By Chandeep Arora:
S Ganesh Mallya, a high school teacher cum Sunday farmer in Yedapadavu in Karnataka, has green his plot without bore wells. Using simple techniques to catch rainwater, he has managed to raise the water level in his open well and grow a bountiful farm. In another story, Aakash Ganga (AG) which is a rainwater harvesting system is currently installed in six drought-prone villages in Rajasthan, the driest state in India. The AG system rents rooftops from homeowners and channels the rooftop rainwater through gutters and pipes to a network of underground storage reservoirs. This network of reservoirs is designed to provide 10 — 12 liters of water daily to every person in an entire village for a year; to-date, it has helped 10,000 villagers gain access to clean water.
Rain water is the purest form of raw water available on earth. Rain water harvesting is the process of collection of rain water from rain receiving surfaces like building roof tops, courtyards, hill slopes, or specially made mini-catchment surfaces. The water is collected in storage tanks installed above ground, partly above and partly underground, or fully underground depending on the local situation. Since the water is collected before it comes in contact with any contaminated surface, it remains free from physical, chemical and fecal contamination. For removing suspended impurities, if any, the water is collected in reservoirs. It provides for an alternative with the world facing an acute shortage of water resources. A number of reasons contribute to the dearth of water. The high rate of population growth and high level of urbanization has resulted in over-development of ground water resources. Thus the ground water levels are declining at an alarming rate of 0.20 m per annum. In order to increase the natural ground water resource rain water harvesting has become increasingly important in ground water management. In the groundwater recharge the runoff on the ground is collected and allowed to be absorbed, adding to the groundwater. Considering the usage in urban areas, rain water can be used as an independent source of water supply during water restrictions that is somewhat dependent on end use and maintenance. It can be adopted in cities for continuous water supply, increasing the soil moisture level for utmost greenery and to improve the quality of groundwater. In the household level it can used in various day to day activities. Though for drinking purposes it may require thorough cleaning.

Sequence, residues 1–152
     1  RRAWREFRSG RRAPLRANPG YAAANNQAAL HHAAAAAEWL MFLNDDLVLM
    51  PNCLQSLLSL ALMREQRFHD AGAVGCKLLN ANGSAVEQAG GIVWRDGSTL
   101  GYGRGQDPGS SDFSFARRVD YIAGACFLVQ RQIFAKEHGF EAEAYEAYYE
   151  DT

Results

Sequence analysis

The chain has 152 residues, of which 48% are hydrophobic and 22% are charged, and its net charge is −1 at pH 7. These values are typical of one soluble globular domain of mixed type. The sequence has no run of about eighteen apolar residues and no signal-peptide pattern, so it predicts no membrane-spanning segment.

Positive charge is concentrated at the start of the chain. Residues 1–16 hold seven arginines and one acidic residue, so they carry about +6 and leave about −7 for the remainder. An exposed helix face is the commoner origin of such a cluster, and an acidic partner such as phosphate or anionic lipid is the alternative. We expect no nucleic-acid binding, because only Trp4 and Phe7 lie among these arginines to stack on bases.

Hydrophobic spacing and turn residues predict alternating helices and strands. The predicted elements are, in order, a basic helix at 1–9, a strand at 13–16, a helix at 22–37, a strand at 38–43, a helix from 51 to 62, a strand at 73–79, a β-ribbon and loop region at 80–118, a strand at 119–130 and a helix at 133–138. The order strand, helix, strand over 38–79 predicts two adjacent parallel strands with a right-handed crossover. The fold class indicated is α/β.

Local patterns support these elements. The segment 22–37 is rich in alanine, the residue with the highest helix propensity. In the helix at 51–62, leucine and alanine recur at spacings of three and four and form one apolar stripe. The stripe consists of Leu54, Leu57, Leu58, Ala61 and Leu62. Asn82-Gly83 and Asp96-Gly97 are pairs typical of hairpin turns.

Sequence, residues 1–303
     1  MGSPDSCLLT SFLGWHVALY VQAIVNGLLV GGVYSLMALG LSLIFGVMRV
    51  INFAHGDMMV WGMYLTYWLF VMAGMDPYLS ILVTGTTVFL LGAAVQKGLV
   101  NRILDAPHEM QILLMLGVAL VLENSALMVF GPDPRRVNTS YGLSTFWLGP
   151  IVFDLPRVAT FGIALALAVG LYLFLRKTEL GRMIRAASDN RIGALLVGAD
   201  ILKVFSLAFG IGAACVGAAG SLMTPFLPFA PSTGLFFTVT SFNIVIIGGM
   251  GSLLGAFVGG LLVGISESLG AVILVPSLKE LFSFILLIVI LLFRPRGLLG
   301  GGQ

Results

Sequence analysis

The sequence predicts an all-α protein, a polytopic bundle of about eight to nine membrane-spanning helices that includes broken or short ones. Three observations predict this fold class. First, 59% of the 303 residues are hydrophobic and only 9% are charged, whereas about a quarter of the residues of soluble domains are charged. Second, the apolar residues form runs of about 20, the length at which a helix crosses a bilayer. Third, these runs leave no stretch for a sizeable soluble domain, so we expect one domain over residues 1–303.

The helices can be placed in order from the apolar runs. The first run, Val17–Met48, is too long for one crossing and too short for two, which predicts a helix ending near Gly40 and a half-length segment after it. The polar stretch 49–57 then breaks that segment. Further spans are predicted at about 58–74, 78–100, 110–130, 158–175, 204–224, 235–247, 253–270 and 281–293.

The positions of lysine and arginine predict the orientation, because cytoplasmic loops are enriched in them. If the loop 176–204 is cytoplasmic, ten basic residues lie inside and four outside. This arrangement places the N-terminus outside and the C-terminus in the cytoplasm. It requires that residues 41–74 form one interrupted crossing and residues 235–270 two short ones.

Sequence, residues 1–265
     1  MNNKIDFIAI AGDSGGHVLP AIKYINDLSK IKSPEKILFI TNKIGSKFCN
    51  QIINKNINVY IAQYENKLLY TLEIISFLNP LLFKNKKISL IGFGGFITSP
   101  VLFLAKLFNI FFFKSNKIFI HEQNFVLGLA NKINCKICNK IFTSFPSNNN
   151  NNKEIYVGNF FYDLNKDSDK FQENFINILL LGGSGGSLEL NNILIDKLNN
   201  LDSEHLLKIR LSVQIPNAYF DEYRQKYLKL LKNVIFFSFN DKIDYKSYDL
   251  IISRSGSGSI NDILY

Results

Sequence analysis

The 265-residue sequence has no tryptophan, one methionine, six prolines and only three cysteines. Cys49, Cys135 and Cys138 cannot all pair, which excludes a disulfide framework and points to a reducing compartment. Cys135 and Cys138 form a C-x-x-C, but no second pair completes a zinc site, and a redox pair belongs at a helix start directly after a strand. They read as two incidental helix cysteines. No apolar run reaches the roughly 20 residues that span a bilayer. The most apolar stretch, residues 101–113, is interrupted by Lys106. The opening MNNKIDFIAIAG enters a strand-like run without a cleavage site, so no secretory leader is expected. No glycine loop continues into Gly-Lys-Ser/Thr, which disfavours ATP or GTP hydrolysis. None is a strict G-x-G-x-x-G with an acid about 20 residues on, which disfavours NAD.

In New Zealand, many houses away from the larger towns and cities routinely rely on rainwater collected from roofs as the only source of water for all household activities. The rural areas where water supply is a crisis, rain water harvesting comes as a boon. In the recent years there has been an increase in the number of suicides attempted by the farmers due to lack of water for their farms. Irrigation facilities are not adequate in many remote villages. In such cases, proper use of rain water can provide the farmers a substitute for irrigation facilities. In such story, the farmers of Ambaredi village, Rajkot District, boast of their lush green fields and full brim river even during the dry months of the year. Open dug wells are the main source of water.
With the population growing at an alarming rate and limited availability of groundwater and surface water, this precious natural resource needs to be recycled and be of proper use. Rain water harvesting is the need of the hour. It is one of the simplest and cheapest ways of keeping a check on the depletion of one of the most valuable natural resource. In the words of Ms Sheila Dixit, “Unless we get rainwater harvesting as a movement we do not have a bright future and for that people have to be motivated to make this a habit. It is not something that we should do to ensure a better tomorrow for our future generation, but it is something we need to do to save the planet and the human race.”
With inputs from: www.indiatogether.org/environment/water.htm